Financing a nomadic existence is the biggest challenge. Veteran digital nomads warn that people living this way without permanent employment must have a financial cushion or develop high levels of autonomy and self-discipline.
“To make it sustainable, you need to develop passive income, which includes regular income from a source other than an employer or an entrepreneur,” Fu Ye, an alternative lifestyle advocate, said in her recent podcast on how digital nomads are making ends meet. “You can do this by creating an information product, like a Coursera video course, and then resting while the money goes into sales.”
Fu Ye poses for a photo in Argentina, 2019. Courtesy of Fu Ye
Fu began his digital nomad journey long before the pandemic. The 28-year-old became a backpacker in Argentina after graduating from college, making money working on international education projects online.
Over time, Fu was able to generate a stable source of passive income by selling online courses teaching English and how to start working remotely. When COVID-19 hit Argentina, she returned to China and met Ng in Dali, where she helped him launch the Digital Nomad Project.
Other digital nomads tell Sixth Tone that they earn passive income through lease payments, stock and bond dividends, as well as advertisements or sponsorship income on their YouTube channels.
Lola Chen, a vlogger whose channel on learning French has more than 50,000 subscribers on the Chinese video platform Bilibili, was one of the first people to join the Dali Hub.
Prior to COVID-19, Chen worked as a project manager overseeing Chinese infrastructure projects in Africa for five years. She returned to China last year and started uploading videos to help Chinese students learn French soon after. Her main source of income now comes from an online French course, which she sells for 98 yuan ($ 15).
Left: The Bilibili channel run by Lola Chen; right: Lola Chen works in the campaign, April 2021. Diana Li for Sixth Tone
“The pandemic has made me rethink how and where I should spend the rest of my life,” says Chen, who is currently participating in one of Ng’s “coworkations”.
However, many digital nomads know that their journeys can only last for a very long time. For Dora Sun, a 29-year-old who took part in one of Ng’s recent “collaborations”, the trip was only a temporary break in her life in Shenzhen.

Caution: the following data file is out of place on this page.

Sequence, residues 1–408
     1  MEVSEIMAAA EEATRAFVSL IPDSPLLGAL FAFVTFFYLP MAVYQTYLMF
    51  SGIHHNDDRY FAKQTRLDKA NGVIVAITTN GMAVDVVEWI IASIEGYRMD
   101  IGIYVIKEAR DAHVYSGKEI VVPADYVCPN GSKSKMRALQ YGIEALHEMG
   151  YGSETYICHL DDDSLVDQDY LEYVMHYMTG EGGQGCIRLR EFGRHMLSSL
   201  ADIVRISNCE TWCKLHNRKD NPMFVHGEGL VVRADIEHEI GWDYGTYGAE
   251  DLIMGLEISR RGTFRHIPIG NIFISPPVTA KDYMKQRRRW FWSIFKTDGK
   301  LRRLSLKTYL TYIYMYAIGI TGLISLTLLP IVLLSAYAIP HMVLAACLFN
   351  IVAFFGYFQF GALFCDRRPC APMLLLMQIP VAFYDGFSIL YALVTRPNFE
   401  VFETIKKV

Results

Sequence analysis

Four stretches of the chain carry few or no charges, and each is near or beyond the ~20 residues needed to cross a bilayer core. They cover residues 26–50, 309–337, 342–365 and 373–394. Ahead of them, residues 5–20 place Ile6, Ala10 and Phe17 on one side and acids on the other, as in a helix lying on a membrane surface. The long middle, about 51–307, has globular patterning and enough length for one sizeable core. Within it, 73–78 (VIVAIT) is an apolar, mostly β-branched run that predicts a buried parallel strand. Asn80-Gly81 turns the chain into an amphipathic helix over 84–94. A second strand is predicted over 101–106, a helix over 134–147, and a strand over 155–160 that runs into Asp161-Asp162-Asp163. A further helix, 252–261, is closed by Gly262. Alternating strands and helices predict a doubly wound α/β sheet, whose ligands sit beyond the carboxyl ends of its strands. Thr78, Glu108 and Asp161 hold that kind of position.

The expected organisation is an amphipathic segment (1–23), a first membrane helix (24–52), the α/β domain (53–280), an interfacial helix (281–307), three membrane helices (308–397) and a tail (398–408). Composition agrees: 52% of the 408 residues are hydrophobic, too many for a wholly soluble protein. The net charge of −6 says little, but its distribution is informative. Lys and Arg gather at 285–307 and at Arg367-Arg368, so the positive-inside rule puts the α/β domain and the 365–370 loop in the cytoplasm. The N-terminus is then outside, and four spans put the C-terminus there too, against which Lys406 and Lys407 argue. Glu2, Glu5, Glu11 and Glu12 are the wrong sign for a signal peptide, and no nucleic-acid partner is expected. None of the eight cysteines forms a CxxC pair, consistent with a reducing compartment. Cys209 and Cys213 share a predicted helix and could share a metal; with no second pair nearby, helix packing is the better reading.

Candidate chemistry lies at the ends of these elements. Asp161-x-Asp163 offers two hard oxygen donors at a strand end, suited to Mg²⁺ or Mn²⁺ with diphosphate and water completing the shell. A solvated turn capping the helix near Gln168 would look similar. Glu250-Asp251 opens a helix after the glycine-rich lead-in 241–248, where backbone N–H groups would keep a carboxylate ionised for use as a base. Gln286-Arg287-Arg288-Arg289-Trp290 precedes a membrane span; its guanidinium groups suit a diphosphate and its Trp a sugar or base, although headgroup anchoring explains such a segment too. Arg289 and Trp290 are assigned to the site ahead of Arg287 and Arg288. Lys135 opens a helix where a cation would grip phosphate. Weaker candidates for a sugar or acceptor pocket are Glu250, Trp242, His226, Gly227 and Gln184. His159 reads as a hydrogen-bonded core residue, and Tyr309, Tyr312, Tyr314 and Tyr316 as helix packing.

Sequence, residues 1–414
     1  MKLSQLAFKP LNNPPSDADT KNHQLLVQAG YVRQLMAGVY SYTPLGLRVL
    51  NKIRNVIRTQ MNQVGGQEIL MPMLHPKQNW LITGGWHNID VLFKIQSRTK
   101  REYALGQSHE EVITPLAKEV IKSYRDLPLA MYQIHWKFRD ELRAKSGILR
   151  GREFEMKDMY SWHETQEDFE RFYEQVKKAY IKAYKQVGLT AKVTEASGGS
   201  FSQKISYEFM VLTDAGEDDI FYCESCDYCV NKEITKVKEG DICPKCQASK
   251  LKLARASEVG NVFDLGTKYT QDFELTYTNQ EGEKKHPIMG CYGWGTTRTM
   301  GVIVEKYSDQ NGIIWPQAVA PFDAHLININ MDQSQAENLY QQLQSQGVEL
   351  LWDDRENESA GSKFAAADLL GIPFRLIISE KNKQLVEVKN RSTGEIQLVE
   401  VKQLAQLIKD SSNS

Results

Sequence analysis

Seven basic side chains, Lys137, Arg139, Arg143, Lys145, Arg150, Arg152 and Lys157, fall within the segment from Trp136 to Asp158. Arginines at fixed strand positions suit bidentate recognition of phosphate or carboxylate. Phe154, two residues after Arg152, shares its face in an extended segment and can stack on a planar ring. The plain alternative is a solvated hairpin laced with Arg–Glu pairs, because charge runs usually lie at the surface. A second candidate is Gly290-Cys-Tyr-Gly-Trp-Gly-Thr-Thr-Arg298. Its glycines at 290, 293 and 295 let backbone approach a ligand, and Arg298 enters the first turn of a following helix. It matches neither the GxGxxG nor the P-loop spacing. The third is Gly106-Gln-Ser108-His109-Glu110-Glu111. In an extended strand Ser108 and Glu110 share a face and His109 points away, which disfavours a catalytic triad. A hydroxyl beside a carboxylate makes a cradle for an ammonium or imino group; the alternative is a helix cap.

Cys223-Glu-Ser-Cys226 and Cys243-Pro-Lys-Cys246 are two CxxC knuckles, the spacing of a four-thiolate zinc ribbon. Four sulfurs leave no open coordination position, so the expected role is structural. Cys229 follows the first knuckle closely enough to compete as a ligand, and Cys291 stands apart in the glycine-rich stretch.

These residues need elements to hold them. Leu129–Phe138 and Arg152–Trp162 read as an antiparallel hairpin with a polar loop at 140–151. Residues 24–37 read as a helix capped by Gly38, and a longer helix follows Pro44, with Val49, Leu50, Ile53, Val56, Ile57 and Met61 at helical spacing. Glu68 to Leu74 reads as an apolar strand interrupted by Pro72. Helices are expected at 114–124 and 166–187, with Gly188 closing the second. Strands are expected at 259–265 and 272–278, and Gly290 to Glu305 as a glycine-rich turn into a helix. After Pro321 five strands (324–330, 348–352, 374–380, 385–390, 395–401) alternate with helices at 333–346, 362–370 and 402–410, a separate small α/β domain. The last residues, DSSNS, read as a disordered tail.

“I loved the wonderful time I had with you, but I also know that great things don’t last forever,” Sun told the team at his Dali farewell party last month.
For Sun, a social entrepreneur, the benefits of locating outweigh the freedom to live on the road. She plans to have a child this year and wants to secure them a place in one of Shenzhen’s elite schools. But in order to do that, she must first buy a house in the city in order to become a permanent resident.
“We Chinese were not born to be nomads,” she sighs. “We have a history of an agricultural society.”
Echo Tang, a gap year student who tried the digital nomadic life, also had to interrupt the experience. Although she made a lot of money working remotely for tech giant Tencent, she was concerned that her social security and medical insurance would be taken away after her contract with the company ended.
Hu, the Google employee, also plans to return to big-city life once Japan finally eases travel restrictions. “But it was a wonderful memory,” he says.
But Chen and Ng, the founders of Dali Hub, insist they are here for the long haul. Chen’s Bilibili channel is gaining ground in China and she hopes to continue to live off her income for many years to come.
“I’m going with the flow,” she said. “I will stay where I like.”
Once the pandemic is over, Ng even plans to embark on the international nomad. A number of territories have launched programs to attract digital nomads by offering preferential visas, including Barbados, Dubai and Estonia.
“I can hardly imagine going back to an office on a fixed schedule in a big, busy city,” he says.
Publisher: Dominic Morgan.
(Header image: Daniel Ng works outdoors in Dali, Yunnan province, April 2021. Diana Li for Sixth Tone)